I think the facts of this case call many of the American Patriot concerns to mind. First, there was the filing of the answer and counterclaim with no mention of jurisdictional deficiencies. Standing alone, those filings would not have the effect of waiver because they were made by a non-lawyer. I could not consider them, and Plaintiff could not have "reasonably expected" - at least not yet - that the targeted corporation would "defend the suit on the merits." Mobile Anesthesiologists, LLC, 623 F.3d at 443. But then API did have counsel participate in the Rule 26(f) planning conference, and in fact that counsel jointly submitted the report of the planning conference. Though he had yet to file a formal appearance, he apparently made off-the-record assurances to counsel for Salud that he would do so shortly, with no hint that such appearance would be to challenge personal jurisdiction. What happened next further calls the American Patriot issues to mind. Salud and the non-API defendants reached settlement with API sitting on the sidelines. Nothing looks more like "stall(ing)" to "find out which way the wind is blowing" like waiting to analyze the deal struck between your adversary and your co-defendants in a lawsuit. American Patriot, 364 F.3d at 887-88. That settlement was announced on January 14, 2010, and it was more than one month after that - on February 23, 2010 - when personal jurisdiction was first injected into the case via Mr. Vasquez's defective 12(b)(2) motion. The point here is not the legal content of the filings and of API's conduct, rather it is their effect on Salud. By the time that the flawed 12(b)(2) was filed, Salud had built up a "reasonable expectation" that API would defend the suit in Illinois. See Mobile Anesthesiologists, LLC, 623 F.3d at 443.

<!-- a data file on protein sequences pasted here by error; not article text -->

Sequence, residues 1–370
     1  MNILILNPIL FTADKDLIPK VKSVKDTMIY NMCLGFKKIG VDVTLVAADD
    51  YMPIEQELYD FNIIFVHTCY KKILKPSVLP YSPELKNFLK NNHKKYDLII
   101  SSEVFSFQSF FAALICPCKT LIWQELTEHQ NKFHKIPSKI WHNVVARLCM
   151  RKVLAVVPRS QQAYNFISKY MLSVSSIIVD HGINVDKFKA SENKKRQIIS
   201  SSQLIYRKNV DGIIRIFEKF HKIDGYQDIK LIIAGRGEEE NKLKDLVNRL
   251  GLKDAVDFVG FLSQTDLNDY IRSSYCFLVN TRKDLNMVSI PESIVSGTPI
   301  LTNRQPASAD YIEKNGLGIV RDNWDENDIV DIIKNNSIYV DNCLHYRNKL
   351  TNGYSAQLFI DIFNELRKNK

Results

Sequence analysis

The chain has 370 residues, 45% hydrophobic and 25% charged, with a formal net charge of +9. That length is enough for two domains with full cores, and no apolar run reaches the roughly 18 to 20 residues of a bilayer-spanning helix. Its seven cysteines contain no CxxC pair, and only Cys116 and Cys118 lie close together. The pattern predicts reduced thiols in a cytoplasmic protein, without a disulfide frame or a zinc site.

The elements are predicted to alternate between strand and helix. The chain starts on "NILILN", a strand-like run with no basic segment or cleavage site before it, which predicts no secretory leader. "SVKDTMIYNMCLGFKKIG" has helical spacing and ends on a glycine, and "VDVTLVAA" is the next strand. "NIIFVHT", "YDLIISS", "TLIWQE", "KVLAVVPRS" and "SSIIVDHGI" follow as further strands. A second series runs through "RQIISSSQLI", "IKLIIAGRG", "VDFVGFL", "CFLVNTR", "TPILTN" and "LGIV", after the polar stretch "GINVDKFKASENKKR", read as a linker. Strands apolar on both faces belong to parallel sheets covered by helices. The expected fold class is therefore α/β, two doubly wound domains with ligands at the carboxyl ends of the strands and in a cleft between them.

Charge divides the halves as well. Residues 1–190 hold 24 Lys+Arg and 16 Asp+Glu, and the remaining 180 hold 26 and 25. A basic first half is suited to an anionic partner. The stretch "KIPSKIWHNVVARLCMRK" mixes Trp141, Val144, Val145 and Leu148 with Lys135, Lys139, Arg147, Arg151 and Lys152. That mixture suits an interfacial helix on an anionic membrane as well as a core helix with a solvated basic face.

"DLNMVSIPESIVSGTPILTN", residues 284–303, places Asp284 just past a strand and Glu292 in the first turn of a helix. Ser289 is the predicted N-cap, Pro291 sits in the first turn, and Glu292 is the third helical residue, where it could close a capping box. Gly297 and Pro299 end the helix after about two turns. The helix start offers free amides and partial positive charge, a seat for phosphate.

As a final point, in response to Salud's waiver argument, API counters that I have effectively determined API not to have waived the personal jurisdiction defense. Their basis for saying so is a minute order I issued on September 2, 2010, in which I stated that "[API] does seem to raise important jurisdictional matters that should in my opinion be examined on the merits." API takes that statement for far too much. The precise context of the statement was whether I would allow any briefing on the issue of personal jurisdiction at all, based on Salud's contention that API violated Local Rule 5.3(b) by not providing presentment dates in noticing its motions for dismissal. What I was saying was that API's violations of Local Rule 5.3(b) were mere foot faults that I would not hold against them for purposes of filing and briefing the motion to dismiss. I was not ruling on the more substantial issue of waiver by conduct. Now, having heard Salud's waiver by conduct argument (as opposed to waiver by violation of a local filing rule), I am persuaded by Salud.


Defendant API's motion to dismiss for lack of personal jurisdiction is DENIED. Plaintiff's alternative motion to conduct discovery on the issue of jurisdiction is DENIED AS MOOT.


James B. ZagelUnited States District Judge